Roll out the wall immediately. This ensures that the brush strokes blend with the roller strokes.
Pro tip: Apply gentle pressure when cutting in as too much force can cause excess paint to seep under the areas you have already masked off.
Paint the Walls
Learning how to paint a room with a roller can take a bit of practice, but it goes fairly quickly once you get into a rhythm. You will want to work from top to bottom, starting with the ceiling and using your extension pole for hard-to-reach areas.
Mix the paint and pour it into the tray. Pour the paint into the paint tray’s reservoir without overfilling it.
Lightly dip the roller into the reservoir and pull back. Roll over the divots in the tray a few times to remove any excess paint. Your paint should still evenly cover the roller.
Roll the paint onto the walls in an “M” or a “W” motion. This helps blend the roller lines. Work in three-foot sections at a time.
Reverse. Once you have finished in one direction, go back over it in the opposite direction until the area is fully covered.
Roll over any cut in areas. Overlap the paint with the area you have already cut in for a smooth finish.
Repeat the process for all walls. Allow paint to fully dry.
Apply a second coat (optional). Repeat the same method until the paint is blended and you have a smooth finish.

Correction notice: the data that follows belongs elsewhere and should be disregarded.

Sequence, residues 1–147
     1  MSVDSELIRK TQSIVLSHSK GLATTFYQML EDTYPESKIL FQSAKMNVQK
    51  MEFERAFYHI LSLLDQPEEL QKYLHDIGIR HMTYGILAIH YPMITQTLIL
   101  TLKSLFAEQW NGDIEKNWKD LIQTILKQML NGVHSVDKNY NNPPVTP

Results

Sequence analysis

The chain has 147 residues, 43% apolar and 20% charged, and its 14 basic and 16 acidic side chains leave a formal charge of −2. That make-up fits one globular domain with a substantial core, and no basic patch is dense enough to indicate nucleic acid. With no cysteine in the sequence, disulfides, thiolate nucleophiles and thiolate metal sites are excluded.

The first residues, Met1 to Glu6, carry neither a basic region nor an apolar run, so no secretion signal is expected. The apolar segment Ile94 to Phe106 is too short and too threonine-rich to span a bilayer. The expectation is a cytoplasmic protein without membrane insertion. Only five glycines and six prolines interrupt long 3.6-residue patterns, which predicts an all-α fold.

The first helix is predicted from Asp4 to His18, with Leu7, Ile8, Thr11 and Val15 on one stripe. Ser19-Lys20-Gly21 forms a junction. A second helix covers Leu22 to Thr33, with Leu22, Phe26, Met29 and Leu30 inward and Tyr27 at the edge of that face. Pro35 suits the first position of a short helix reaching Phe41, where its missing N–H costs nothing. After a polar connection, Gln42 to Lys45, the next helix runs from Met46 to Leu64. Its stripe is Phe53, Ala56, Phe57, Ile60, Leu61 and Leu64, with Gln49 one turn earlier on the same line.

Learning how to paint a room for beginners may take a bit of time but once you get a hang of this method, you can confidently conquer more painting projects in the future.
Paint the Trim
Photo: ungvar / Adobe Stock
After your paint is completely dry, consider adding a fresh coat of paint to the trim. Taking the time to do so can give you that professional-looking appearance you are seeking.
After investing money in supplies, it’s important to properly clean them so you can use them again for future painting projects.
Rinse your paint roller and other tools with warm, soapy water until the water runs clear. Make sure you check which type of paint you used before cleaning. If you used a water-based paint (latex) and your house is on a public sewer system, you can rinse your brushes in the sink. If you used an oil-based paint, however, you will need a paint thinner when cleaning to avoid damaging your pipes.
After rinsing, dry all metal tools completely with a rag to prevent rusting.
Pour any remaining paint from the tray into the can, and then rinse out the tray with warm and soapy water. Store the can in a cool, dark area off of the floor so the can does not rust if exposed to moisture. Remember to save some paint from the project for touch-ups in the future.
Consider donating unused paint if you have enough leftover and it is still in usable condition. To dispose of water-based paint, you can use a special paint hardener or cat litter to dry it out and then throw it away with the lid removed. If you used an oil-based paint, check with the county to locate a paint recycling facility to dispose of the unused paint.
Important: Depending on your location and the type of paint you used, there are certain local regulations for disposing of unused paint and paint cans so always check with your county first before disposing.
If you are planning on continuing the project within a day or so, you can wrap brushes and roller covers tightly in cling wrap so they don’t dry out.
Store clean, dry brushes in wax paper wrapped with a rubber band so they retain their shape.